The Minnesota DNR is planning a proposed Border to Border Touring Route, which will allow high-clearance, 4WD, highway-licensed vehicles to traverse existing roads from Lake Superior to the North Dakota border. The route would be about 400 miles in length. The State Legislature has dedicated $150,000 to trail planning, with funding coming from vehicle registrations and the OHV portion of the fuel tax. The DNR claims it will have some money available for road maintenance along the route, part of which, ironically, follows minimum maintenance roads.
When completed, the route will be marked with signs, as well as depicted on a map and website. In essence, it will be no different than existing driving tours for fall colors or birding. The DNR is administering the project. However, the agency contracted the National Off-Highway Vehicle Conservation Council to manage the project with the cooperation of Minnesota 4 Wheel Drive Vehicle Association.
Beginning in 2017, the DNR has held “listening sessions” in communities along the proposed route. Last week, the agency held a second meeting in Grand Marais. Since the proposed route passes my home, I decided to stop in and hear what they had to say. I arrived a little late. Judging by the pile of protest posters lying on the sidewalk outside the county courthouse door, I missed the photo op. Inside, the meeting room was packed. I stood in the doorway with another fellow and listened to the presentation.
The first thing that struck me was the DNR presenters didn’t seem to have firsthand knowledge of the proposed route. Apparently, no one has driven the whole thing. Granted, it is 400 miles long and follows roads marked on every map, but view on a computer screen is nothing like what you see out the windshield. Since the roads listed for the proposed route as it crosses Cook County, where I live, range from well-maintained gravel roads to forest access roads best-suited to high clearance vehicles, first-hand knowledge would have provided clarity for everyone attending the meeting.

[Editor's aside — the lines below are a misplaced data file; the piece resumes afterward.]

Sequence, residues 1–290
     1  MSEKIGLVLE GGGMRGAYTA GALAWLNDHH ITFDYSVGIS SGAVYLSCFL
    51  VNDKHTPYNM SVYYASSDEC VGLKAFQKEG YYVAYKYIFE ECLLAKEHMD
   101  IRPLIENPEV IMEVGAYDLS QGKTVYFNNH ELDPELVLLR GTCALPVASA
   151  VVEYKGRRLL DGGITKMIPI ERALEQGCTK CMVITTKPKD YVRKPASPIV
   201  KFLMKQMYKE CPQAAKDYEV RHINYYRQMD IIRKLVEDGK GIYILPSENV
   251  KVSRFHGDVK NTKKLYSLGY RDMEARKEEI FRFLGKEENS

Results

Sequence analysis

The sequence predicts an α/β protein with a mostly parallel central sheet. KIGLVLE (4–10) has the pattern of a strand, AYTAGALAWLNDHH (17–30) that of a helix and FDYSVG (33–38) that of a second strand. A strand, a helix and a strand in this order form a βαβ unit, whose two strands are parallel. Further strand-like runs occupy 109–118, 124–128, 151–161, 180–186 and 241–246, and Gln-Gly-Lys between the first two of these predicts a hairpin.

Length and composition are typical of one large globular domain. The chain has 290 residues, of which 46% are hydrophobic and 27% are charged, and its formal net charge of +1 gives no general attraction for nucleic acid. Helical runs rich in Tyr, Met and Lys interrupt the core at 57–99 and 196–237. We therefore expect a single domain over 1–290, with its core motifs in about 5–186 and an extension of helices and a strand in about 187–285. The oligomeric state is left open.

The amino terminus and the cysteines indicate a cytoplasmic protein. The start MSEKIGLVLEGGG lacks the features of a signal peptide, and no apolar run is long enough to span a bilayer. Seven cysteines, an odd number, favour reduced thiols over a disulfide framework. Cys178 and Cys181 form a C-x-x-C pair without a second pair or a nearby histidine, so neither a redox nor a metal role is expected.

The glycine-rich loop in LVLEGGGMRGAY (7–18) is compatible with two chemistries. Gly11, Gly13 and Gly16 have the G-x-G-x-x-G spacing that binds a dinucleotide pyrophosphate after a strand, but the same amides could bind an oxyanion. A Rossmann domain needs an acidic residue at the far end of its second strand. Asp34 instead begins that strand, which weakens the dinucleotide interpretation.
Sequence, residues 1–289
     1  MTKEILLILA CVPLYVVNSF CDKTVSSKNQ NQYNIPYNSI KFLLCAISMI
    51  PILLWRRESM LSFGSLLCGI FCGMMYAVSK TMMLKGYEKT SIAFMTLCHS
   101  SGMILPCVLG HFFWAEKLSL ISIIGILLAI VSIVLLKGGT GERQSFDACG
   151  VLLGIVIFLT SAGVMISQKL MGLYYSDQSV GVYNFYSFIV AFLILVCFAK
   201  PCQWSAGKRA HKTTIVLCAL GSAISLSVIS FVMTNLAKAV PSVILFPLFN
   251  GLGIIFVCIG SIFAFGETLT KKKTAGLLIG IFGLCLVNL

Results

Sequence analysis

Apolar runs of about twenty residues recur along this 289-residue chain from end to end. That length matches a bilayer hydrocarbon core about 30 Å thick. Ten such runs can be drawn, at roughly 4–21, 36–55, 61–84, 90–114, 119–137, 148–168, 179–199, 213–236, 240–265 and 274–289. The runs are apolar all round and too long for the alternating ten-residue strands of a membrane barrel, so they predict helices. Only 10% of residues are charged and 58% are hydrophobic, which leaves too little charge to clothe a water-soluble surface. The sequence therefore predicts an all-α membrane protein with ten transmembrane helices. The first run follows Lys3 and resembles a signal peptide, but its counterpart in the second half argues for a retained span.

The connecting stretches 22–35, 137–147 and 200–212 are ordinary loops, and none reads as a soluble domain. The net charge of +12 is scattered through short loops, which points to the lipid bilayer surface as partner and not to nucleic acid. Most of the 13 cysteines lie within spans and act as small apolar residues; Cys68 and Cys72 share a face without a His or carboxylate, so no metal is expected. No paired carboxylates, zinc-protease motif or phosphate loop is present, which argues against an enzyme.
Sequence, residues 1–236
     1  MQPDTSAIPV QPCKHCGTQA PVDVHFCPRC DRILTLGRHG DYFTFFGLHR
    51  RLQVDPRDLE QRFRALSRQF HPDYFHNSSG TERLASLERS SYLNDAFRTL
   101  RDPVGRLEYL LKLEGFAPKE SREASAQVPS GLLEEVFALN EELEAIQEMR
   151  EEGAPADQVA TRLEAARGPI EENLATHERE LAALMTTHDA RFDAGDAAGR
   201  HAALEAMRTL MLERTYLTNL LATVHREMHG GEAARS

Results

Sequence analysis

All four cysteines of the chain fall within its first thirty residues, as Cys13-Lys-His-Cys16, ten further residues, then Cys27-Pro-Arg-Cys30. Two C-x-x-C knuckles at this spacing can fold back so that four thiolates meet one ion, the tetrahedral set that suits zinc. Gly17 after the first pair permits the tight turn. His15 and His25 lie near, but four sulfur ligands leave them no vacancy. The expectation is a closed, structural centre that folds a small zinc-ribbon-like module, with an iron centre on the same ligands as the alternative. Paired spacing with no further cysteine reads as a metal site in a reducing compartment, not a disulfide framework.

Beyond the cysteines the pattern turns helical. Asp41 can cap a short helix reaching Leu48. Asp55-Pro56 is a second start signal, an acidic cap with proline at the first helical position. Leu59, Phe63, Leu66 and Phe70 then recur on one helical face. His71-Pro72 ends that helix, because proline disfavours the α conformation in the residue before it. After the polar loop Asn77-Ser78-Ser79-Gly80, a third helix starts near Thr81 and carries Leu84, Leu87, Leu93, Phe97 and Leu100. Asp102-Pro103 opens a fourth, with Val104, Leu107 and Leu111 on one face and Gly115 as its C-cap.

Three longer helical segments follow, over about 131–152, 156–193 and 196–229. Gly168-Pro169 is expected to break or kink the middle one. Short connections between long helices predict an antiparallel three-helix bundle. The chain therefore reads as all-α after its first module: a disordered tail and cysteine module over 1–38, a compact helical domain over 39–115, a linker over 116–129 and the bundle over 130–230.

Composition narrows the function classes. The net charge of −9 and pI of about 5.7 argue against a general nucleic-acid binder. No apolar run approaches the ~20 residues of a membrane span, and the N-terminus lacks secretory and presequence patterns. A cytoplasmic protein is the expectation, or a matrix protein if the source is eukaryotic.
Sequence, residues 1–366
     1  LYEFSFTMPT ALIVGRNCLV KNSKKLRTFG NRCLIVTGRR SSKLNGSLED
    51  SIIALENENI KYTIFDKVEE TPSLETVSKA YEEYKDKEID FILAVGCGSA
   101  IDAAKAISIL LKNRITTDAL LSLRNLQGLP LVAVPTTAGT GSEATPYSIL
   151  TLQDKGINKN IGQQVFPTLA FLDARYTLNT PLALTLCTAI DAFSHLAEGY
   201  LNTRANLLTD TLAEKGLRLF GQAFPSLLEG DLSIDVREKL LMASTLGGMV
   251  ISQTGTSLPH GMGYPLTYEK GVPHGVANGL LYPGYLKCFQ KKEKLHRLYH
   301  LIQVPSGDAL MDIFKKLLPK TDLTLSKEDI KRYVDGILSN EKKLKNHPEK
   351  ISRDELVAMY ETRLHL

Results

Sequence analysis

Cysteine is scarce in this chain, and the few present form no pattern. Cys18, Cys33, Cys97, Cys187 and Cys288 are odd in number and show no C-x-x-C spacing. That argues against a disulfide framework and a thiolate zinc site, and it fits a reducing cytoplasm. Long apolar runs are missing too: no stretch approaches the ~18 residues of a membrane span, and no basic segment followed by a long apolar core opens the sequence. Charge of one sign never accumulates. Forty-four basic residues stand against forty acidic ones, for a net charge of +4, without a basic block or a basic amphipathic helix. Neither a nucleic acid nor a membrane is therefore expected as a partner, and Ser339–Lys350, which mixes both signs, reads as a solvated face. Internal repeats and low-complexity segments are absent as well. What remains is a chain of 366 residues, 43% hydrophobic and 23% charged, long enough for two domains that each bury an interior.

The second thing I noticed was the Border to Border proposal faced organized opposition, at least in Cook County. A few meeting attendees still carried their posters. Some were wearing blue T shirts emblazoned with the slogan “Nevertheless, she persisted…” There were no organized supporters of the route in attendance, although a fair number of folks in the room were not opposed to it.
The meeting followed a predictable path. The DNR provided basic information. Trail opponents asked pointed questions. Some county officials seized the opportunity to grand stand and pontificate. One angry fellow left early and swore at a woman standing outside before tearing off on a motorcycle. It was an unfortunate incident, but by no means characterization of the overall meeting. Some of the folks unopposed to the route declared concerns about the proposal amounted to much ado over nothing.